HOW WE KNOW WHAT ISN'T SO
The fallibility of human reason in everyday life
by Thomas Gilovich
The Free Press, 1993
There are very few books of which you can say "the world would be a better place if everyone read it". This is one of them. It zeros in like a guided missile on the irrational thought processes that we all harbour, some more than others, and it does so with a wit and clarity that make it a pleasure to read. It is one of the few books that have made me examine my own belief system, and amend it. It explains, with the help of experimental results from psychologists, why we see what we expect to see, believe what we are told and misinterpret partial data.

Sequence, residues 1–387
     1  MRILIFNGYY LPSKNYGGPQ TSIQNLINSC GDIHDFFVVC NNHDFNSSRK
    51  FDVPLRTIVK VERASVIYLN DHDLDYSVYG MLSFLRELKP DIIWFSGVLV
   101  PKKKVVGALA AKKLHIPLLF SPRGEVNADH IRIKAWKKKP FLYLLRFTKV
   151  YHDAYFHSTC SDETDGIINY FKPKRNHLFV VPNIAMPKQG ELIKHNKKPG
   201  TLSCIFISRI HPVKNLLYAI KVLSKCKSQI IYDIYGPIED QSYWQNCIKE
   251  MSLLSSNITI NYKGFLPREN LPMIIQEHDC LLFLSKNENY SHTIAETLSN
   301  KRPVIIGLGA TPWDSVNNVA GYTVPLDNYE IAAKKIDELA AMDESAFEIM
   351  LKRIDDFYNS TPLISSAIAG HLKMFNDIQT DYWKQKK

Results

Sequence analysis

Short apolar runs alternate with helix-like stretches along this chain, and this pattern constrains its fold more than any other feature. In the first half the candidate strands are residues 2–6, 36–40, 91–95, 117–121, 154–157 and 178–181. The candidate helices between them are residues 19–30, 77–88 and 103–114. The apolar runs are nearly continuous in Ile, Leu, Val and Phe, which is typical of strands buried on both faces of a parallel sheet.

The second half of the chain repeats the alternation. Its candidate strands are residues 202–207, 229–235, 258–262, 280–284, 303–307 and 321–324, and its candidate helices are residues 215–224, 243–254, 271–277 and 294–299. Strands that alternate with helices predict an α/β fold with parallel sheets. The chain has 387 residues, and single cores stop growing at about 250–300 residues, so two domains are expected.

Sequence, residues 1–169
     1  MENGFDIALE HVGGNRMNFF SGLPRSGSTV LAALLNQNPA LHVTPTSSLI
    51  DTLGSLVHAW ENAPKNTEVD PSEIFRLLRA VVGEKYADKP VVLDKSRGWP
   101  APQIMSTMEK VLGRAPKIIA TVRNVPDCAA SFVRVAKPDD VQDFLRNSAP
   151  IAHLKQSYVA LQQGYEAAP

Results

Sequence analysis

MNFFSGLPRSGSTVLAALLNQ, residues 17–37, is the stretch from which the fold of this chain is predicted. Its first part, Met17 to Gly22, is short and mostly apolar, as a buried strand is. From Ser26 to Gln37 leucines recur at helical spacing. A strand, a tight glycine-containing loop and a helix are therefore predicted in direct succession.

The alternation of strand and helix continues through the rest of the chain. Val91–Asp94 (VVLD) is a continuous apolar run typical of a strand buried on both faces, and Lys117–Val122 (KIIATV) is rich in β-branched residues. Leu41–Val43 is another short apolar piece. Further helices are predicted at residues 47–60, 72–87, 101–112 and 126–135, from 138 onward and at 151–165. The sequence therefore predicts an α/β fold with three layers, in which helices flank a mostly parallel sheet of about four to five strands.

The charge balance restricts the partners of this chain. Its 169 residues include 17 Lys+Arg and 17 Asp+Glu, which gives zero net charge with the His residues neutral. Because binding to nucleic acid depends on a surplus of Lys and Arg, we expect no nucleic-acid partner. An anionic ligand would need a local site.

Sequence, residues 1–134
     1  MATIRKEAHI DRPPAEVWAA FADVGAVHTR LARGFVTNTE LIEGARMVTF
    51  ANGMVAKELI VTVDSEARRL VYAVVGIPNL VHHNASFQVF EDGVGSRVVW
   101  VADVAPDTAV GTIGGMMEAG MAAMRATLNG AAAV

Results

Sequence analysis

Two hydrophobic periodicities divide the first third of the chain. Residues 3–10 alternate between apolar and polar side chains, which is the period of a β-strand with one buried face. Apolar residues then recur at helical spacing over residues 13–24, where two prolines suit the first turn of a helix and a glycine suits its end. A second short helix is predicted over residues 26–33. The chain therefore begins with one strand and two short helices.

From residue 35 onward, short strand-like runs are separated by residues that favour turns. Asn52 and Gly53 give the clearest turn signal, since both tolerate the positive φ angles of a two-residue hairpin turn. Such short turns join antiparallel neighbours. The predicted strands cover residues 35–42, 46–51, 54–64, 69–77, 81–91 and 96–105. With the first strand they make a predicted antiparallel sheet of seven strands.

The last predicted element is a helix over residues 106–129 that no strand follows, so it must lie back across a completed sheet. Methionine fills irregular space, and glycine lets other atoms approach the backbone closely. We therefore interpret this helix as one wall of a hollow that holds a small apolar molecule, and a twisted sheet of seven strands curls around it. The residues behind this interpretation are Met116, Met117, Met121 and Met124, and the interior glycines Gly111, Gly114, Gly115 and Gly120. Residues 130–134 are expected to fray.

The origins of virtually every one of the dubious stories covered in Number Watch is explained in these pages. It is all summed up by the quotation from Artemus Ward that heads the Introduction:
It ain't so much the things we know that get us into trouble. It's the things we know that just ain't so.
If you have not yet read it you are in for a treat. If you have read it, perhaps it is time you read it again. It should certainly be compulsory for all scientists and media people.
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